Spiegel told Brown he had conceived of a "million-dollar idea," and agreed to work together over the summer of 2011, bringing fellow co-founder and current chief technology officer Robert Murphy, the lawsuit said. The lawsuit alleges that Brown was chief marketing officer and conceived an early version of the "ghost" logo still used by Snap.
Brown fell out with Spiegel and Murphy in August 2011 — still very early days for Snapchat, which up until then was called Picaboo. It would be another year before Snap received $485,000 in seed funding from Lightspeed Venture Partners, according to Crunchbase.
Things have changed drastically, as Snap aims to raise $3 billion in an IPO that could value it at $25 billion or more.
Co-founders Evan Spiegel and Bobby Murphy each own 20 percent of Snap, according to the prospectus. After the company goes public, each of them would own shares worth at least $5 billion.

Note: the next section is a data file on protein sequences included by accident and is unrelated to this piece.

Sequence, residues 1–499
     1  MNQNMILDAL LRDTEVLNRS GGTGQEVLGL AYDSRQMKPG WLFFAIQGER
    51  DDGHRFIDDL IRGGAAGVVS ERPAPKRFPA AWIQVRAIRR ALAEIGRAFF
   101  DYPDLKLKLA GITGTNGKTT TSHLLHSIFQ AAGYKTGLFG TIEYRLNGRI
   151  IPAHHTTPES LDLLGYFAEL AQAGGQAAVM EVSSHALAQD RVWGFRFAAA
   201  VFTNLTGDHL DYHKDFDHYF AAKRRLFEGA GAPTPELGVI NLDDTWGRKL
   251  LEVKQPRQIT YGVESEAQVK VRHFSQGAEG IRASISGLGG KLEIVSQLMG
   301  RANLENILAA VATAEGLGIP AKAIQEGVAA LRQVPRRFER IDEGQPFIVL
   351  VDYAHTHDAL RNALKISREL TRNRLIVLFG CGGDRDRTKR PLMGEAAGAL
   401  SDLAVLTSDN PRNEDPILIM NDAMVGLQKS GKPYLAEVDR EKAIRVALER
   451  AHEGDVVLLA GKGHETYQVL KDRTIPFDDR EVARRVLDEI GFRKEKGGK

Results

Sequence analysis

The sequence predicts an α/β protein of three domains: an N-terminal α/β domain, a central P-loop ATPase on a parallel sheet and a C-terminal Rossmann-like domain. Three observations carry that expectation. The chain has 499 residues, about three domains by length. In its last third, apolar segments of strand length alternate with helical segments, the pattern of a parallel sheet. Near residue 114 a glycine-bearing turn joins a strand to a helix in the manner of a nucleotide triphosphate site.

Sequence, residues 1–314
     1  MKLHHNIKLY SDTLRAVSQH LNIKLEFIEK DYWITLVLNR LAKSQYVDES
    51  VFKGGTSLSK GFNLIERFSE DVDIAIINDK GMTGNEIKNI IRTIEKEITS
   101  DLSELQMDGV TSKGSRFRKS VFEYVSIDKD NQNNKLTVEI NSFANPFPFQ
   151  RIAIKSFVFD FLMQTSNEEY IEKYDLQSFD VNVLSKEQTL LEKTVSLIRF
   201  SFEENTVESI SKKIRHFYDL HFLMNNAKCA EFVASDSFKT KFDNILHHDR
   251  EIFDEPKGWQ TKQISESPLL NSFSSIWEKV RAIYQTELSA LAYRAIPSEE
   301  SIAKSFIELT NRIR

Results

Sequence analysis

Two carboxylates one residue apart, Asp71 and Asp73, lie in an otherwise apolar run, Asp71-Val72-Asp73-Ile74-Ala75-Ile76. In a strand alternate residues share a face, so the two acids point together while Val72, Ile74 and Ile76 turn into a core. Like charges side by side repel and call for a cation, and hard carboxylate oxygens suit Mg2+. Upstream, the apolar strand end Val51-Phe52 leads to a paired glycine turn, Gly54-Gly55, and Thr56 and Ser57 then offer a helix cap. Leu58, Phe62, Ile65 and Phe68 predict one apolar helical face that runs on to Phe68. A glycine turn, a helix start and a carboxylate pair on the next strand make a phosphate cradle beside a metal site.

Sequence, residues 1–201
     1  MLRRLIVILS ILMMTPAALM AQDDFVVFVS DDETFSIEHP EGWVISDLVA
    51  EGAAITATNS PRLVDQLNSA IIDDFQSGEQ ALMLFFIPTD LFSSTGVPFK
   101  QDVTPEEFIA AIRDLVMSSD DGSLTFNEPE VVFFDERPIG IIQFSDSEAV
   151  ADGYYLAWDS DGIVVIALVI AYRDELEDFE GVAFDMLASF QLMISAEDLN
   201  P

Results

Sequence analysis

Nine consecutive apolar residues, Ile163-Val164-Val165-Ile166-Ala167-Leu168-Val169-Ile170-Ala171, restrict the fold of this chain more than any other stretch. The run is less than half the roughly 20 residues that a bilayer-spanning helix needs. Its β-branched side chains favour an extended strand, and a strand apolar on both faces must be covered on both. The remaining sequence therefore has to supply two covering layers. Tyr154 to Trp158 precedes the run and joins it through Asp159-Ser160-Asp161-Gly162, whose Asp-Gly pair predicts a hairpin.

Spiegel and Murphy also each control 44 percent of the company's voting power before the offering, giving them nearly complete control over the company's future, and the shares being issued for the IPO will carry no voting rights.
Brown and his attorneys did not immediately respond to a request for comment.
Working on Snap was not a total waste for Brown. In addition to his multi-million settlement, a deposition revealed that after he graduated he was accepted to law school and worked as a clerk in the South Carolina Attorney General's office.
"Reggie is working on his first patent application so he is well on his way to being a lawyer!" Spiegel's dad texted Brown's mother while they were working on what would become Snapchat, according to the lawsuit.
You can read a detailed account of the lawsuit and Brown's claims at Business Insider.
— CNBC's Ari Levy contributed to this report.